Enter: Whole Foods. Yes, it’s filled with angry soccer moms that try to run you down in the parking lot. Yes, there is A LOT of overly packaged, overpriced crap. See exhibit A:

But, if you can get past all of that, this place is a zero waste haven. The bulk section has so much variety, you can get any produce item unpackaged, meat or fish is packaged in a wax paper (which I compost), they are the only ones to carry a local milk/juice supply in returnable glass bottles, and their hot bar containers are compostable. Plus, since I’m avoiding all those center aisles, I’ve found I’m not spending anymore than I was at Harris Teeter. WF for the win!

Stocking up on Reusables

Fair warning - the start of going zero waste is costly. You have to replace all the disposables in your home with more permanent solutions, which takes time and money upfront. However, this is definitely where I’ve seen the most impact in waste reduction in my house - and I’m saving money over time by not constantly repurchasing these things.  Here’s a list of items I’ve converted over so far in our household:

  • Plastic Grocery Bags > Reusable totes. I always had these, but was so bad at remembering them. Now I don’t even go into a grocery store without these (or I suffer with carrying everything out in my arms!).
  • Plastic produce bags from the grocery store > Mesh bags. **Note: if there is one thing you do to reduce your waste, it should be this. I always left my produce in these bags when I got home, which led to the food getting slimy/rotting quicker, or I’d forget about it since it was hidden in the fridge. I can’t believe how much plastic I was wasting before just going through the produce section at the store.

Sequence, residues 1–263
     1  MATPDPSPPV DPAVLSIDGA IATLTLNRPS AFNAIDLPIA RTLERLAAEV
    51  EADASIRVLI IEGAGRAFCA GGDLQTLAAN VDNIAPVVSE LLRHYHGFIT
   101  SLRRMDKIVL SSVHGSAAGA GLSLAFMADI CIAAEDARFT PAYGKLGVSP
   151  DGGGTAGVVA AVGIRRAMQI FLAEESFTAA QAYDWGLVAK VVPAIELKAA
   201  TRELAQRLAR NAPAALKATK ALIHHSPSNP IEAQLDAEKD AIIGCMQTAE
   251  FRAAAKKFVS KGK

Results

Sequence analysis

• Plastic packaging and cardboard boxes > cloth bags (for picking up bulk items) and glass jars. My pantry looks so hot right now. **The best cloth bags I've found are from Ikea - can't seem to find them online, but they are sold near their food storage section. Unlike the ones on Amazon, they have a super sturdy drawstring, which holds up well in the wash.
  • Paper towels > microfiber cloths and Ikea hand towels
  • Dish soap and hand soap at sink > One soap pump of Castile soap. Not exactly zero waste, but we use this elsewhere in the house so we've reduced our packaging.